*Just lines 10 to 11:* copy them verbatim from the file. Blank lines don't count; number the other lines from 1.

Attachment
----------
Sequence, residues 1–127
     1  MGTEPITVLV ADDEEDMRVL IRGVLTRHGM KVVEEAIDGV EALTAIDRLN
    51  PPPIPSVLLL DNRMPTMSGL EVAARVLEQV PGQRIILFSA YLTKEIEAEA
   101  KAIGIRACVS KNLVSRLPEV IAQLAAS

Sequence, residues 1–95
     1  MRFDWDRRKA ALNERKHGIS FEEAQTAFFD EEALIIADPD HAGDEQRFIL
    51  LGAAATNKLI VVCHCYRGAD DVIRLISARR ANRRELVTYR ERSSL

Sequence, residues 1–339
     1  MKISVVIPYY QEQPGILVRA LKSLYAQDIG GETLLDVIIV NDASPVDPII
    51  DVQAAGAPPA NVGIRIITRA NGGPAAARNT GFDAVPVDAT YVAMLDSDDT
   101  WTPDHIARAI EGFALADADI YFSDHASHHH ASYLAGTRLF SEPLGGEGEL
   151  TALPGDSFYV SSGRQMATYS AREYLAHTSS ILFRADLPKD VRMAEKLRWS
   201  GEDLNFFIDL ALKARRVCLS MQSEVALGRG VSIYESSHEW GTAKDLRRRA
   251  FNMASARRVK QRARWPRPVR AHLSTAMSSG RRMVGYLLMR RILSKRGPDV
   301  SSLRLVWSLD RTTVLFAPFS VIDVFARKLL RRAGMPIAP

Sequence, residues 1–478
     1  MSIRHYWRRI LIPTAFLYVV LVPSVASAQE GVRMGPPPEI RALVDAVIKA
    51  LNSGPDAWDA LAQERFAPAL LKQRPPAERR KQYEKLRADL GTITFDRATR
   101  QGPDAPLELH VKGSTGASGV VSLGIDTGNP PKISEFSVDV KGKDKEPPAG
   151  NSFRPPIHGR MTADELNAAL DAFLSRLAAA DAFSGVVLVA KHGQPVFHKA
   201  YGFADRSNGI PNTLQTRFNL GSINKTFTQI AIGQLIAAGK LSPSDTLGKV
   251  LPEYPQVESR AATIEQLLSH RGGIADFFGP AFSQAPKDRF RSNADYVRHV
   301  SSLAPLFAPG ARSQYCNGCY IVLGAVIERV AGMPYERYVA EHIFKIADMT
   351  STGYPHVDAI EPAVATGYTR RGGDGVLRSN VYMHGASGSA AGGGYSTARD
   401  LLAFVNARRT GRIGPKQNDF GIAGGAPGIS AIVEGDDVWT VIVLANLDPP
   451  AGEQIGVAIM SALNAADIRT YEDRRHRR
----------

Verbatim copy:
    51  DVQAAGAPPA NVGIRIITRA NGGPAAARNT GFDAVPVDAT YVAMLDSDDT
   101  WTPDHIARAI EGFALADADI YFSDHASHHH ASYLAGTRLF SEPLGGEGEL